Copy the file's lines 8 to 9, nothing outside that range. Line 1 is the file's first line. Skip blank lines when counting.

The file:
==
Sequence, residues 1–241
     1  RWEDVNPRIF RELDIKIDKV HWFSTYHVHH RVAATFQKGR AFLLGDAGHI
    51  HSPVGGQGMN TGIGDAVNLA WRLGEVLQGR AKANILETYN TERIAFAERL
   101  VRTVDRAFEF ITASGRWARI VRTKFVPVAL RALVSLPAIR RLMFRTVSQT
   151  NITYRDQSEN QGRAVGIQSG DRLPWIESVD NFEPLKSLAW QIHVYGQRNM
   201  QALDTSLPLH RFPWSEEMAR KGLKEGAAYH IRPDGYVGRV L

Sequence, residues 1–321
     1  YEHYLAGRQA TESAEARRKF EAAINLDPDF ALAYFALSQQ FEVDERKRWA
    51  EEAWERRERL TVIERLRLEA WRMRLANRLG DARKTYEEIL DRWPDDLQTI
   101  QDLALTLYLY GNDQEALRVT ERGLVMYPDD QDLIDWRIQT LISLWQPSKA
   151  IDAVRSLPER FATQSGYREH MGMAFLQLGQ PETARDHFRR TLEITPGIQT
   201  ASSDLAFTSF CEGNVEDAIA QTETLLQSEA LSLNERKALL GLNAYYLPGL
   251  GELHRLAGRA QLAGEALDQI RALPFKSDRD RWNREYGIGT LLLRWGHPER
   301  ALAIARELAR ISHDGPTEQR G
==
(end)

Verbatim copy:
     1  YEHYLAGRQA TESAEARRKF EAAINLDPDF ALAYFALSQQ FEVDERKRWA
    51  EEAWERRERL TVIERLRLEA WRMRLANRLG DARKTYEEIL DRWPDDLQTI